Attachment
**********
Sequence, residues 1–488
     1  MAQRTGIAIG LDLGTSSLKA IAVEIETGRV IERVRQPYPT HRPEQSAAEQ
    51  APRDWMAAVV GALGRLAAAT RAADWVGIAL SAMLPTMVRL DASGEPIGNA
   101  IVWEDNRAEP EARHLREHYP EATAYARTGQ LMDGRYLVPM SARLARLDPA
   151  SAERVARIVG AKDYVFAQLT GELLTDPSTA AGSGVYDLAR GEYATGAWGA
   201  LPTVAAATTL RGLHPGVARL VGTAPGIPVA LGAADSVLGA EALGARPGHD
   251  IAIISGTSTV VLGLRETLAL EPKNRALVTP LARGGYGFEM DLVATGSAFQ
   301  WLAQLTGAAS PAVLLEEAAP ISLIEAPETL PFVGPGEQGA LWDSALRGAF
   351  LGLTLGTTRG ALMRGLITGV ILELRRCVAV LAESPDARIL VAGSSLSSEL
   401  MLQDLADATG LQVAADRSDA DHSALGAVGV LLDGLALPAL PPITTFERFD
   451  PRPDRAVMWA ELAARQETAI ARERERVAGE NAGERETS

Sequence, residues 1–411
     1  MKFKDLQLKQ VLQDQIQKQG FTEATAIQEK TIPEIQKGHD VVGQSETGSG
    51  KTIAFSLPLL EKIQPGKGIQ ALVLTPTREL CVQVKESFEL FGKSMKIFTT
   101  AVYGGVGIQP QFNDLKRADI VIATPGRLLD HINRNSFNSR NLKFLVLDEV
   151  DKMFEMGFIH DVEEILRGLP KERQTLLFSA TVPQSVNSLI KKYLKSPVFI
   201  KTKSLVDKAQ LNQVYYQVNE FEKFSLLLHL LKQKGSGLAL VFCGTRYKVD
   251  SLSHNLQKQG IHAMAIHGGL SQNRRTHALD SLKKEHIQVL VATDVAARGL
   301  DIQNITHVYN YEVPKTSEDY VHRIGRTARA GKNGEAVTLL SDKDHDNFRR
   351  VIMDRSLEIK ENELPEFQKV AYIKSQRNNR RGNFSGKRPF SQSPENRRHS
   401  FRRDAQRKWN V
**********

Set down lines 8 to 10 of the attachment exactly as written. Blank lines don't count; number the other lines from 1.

   301  WLAQLTGAAS PAVLLEEAAP ISLIEAPETL PFVGPGEQGA LWDSALRGAF
   351  LGLTLGTTRG ALMRGLITGV ILELRRCVAV LAESPDARIL VAGSSLSSEL
   401  MLQDLADATG LQVAADRSDA DHSALGAVGV LLDGLALPAL PPITTFERFD